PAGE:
The Soul Asleep
1 Thessalonians 5:6
Therefore let us not sleep, as do others; but let us watch and be sober.

I. THE EVIL. There are three kinds of sleep in Scripture. The sleep of the body; of the grave; of the soul. It is of the last that Paul speaks. There is —

1. The sleep of indolence, indifference, thoughtlessness. We use a like term in the affairs of life. Of a man who lets all his opportunities pass, and makes no provision against evil, obvious to all but himself, we say, "He must be asleep." Such a sleep, spiritually, is described in Isaiah 29. The Bible is a sealed book, and eternal things a matter of little consequence. The Bible is not opposed; but all we can extort is a vacant assent, and then sleep.

2. The sleep of security and false peace. Attention has been awakened; "things belonging to peace" have been apprehended; but after having been thus enlightened there has ensued a delusive tranquillity of soul, trading in past conversion, little thinking of the use their sleepless adversary is making of their guilty slumber.

3. The sleep of sloth and inactivity. All the emblems of the Christian life support the necessity of earnestness and diligence — the racer, etc. Hence the idea of an unadvancing Christian is a practical contradiction. Imagine the case of a babe remaining always a babe, a warrior without victory. All stationary conditions in religion are slumbering conditions.

II. THE DANCER. Spiritual sleep, like natural, is a thing of degrees. There is a deep sleep from which a man can with difficulty be aroused, and yet there is a lighter sleep in which though every noise be sufficient to disturb, yet it may not be sufficient to arouse. These two states are types of the unawakened sinner, and the unwatchful Christian.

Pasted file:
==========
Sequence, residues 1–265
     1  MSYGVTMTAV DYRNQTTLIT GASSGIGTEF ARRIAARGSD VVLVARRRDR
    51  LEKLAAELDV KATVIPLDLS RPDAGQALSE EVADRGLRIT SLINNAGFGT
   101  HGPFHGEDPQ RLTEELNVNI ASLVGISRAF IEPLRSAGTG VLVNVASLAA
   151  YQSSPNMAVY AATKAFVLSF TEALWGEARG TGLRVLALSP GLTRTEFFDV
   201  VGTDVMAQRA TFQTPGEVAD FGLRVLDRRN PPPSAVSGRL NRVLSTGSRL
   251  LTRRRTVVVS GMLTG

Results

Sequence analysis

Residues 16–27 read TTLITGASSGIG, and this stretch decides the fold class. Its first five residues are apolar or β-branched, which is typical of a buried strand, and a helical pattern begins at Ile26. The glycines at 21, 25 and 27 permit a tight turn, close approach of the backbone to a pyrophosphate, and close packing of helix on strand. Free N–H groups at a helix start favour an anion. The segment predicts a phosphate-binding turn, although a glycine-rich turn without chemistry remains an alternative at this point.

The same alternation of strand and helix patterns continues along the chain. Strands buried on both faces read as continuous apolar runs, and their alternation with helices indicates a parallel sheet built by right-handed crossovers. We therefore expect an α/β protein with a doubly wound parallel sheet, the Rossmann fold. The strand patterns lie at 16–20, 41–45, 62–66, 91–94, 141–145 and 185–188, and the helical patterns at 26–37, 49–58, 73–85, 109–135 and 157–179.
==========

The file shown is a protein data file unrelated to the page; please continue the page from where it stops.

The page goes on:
1. With regard to a man in the confirmed slumber.

(1) There is the awful danger that none of the warnings and providential rebukes by which other souls are stirred up should reach him; he cannot hear them. Sickness stretches him on his bed; death bereaves him of friends; decaying faculties predict his latter end; but he sleeps only to waken in the prison of the invisible world.

(2) But deep as his slumbers are, they allow of his being amused with dreams. He can hear the whispers of Satan, when he cannot hear the thunders of vengeance. The word is represented as paradise; religion is an affair of observances; repentance is a dying man's employment; and death, perhaps, an eternal sleep. In that sleep of the soul "What dreams do come:" What contradictions to truth, what impiety against God! What frauds upon a rational intelligence!

2. In the sleep of a lighter character, unwatchfulness and supineness of soul, the danger is lest it should deepen into the heaviest. Men thus asleep are like those under the influence of an opiate; their only safety lies in keeping their eyes open; once close them, they die. But at best such can expect to have no evidence of their acceptance in a dying hour: they have none now.

(D. Moore, M. A.)

Parallel Verses
KJV: Therefore let us not sleep, as do others; but let us watch and be sober.

WEB: so then let's not sleep, as the rest do, but let's watch and be sober.

The Pilgrims on the Enchanted Ground
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